The Struggles and Joys of the Kingdom of Heaven


The kingdom of heaven is one of the more difficult Christian concepts to grasp, though Jesus described it often. Christ made it clear that the Kingdom of Heaven operates by spiritual rules related to those found on earth. He told the barest minimum in order that we may long for it without knowing precisely how it will be. One cannot know how the house will really look from blueprints until it is built.

Of course, the kingdom of heaven will be the summation of our best hopes and dreams, but even we don’t know how far those extend with all the implications. The cost of entry was paid by Christ, but many dangers lie along the road toward the kingdom of heaven. Some of the ones who thought they were best qualified to enter will find themselves beating their fists outside the door, never to enter in to the joy of their Lord.

This Life Compared with That Life

John the Baptist proclaimed the coming of the kingdom of heaven like a medieval town crier. Even now, future leaders sent their PR managers and teams of administrative officials to bear the news about themselves and their future accomplishments in the press. Jesus sent His teams of weeping prophets and suffering messengers for centuries before having John the Baptist do the final proclamations about His kingdom – and John got beheaded for his assignment. Like our earthly rulers, the Heavenly King requires everything from His followers, only He offers much more in rewards than they ever can – eternal life.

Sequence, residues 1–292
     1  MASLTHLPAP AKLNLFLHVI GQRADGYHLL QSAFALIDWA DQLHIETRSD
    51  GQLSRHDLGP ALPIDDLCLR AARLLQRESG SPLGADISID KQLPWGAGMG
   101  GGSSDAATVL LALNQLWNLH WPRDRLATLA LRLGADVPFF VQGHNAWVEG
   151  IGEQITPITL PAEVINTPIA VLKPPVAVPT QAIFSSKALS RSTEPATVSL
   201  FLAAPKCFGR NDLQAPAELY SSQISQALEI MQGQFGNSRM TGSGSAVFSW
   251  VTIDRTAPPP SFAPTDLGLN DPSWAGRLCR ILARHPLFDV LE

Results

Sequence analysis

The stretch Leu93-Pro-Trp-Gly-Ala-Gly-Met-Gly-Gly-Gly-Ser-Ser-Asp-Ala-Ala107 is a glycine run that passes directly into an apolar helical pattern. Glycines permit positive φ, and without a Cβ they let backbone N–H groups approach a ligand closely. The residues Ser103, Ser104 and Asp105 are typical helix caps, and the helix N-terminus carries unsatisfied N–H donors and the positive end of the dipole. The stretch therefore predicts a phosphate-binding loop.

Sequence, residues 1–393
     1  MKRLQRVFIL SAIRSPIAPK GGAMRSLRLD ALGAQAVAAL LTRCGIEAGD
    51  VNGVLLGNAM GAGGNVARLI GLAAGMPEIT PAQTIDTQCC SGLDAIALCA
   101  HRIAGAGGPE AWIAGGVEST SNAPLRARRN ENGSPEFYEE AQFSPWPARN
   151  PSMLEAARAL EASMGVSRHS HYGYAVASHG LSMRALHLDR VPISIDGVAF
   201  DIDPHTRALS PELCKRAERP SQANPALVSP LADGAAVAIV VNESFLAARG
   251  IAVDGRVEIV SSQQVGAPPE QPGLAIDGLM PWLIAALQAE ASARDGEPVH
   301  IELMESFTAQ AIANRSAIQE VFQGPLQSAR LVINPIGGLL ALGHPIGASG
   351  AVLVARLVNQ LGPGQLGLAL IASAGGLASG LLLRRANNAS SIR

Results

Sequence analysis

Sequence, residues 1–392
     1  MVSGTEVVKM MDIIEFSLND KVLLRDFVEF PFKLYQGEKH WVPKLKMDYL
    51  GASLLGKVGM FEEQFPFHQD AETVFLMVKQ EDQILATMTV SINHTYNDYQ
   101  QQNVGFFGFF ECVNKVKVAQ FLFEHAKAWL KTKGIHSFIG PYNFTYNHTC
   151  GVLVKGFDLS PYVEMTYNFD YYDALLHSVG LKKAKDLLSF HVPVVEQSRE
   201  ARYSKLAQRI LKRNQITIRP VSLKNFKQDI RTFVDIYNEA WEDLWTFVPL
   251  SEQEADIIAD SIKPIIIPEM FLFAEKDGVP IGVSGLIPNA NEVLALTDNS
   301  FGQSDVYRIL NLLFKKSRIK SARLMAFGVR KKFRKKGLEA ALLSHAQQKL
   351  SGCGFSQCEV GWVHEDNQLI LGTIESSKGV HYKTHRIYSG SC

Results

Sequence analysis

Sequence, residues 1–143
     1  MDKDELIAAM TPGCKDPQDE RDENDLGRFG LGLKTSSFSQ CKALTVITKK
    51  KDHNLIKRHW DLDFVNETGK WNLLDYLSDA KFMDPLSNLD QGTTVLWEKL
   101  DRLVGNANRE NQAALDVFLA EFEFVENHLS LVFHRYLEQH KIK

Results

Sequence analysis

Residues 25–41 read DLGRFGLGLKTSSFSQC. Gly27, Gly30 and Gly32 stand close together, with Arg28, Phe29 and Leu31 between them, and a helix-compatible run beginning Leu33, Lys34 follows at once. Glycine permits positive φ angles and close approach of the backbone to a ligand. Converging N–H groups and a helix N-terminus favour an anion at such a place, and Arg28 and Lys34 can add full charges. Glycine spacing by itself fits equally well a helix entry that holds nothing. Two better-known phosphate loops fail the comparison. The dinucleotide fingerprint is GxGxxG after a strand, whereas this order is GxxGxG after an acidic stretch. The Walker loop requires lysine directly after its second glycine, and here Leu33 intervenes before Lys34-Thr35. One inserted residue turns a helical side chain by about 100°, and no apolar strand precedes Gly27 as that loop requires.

The kingdom of heaven is mirrored partly by earthly kingdoms, who begin in violence and struggle before gaining peace – assuming they ever do. Goodness is always under attack (Matthew 11:12). Jesus’ weeping over Jerusalem, “the one who kills the prophets and stones those who are sent to her!” (Matthew 24:37), shows that violence is not an end of itself, but the consequence of evil. The birthing process of the kingdom of heaven begins with tears, but ends in joy. The Beatitudes of Matthew 5, with the inheritors of the kingdom of heaven being the poor in spirit and the persecuted, show that suffering previews The great difference between earthly and heavenly joy is that when we get to heaven, we won’t have to continually fight to keep a slim grasp on hope and faith; we will be living with them as an ever-present reality.

The patriarchs will also be a reality. It’s comforting to know that the Old Testament celebrities such as Abraham, Isaac and Jacob will have a real presence in the future kingdom of heaven, just as Jesus said they would (Matthew 8:11). The parables of the sower, the wheat and tares, the mustard seed, the leaven, the pearl, and the dragnet (Matthew 13) show that the same process of growth and sacrifice apply there as here. The kingdom starts out small, and ends up huge. It’s so valuable and all-consuming that no one would care that they’re every earthly resource would be swallowed up in its purchase.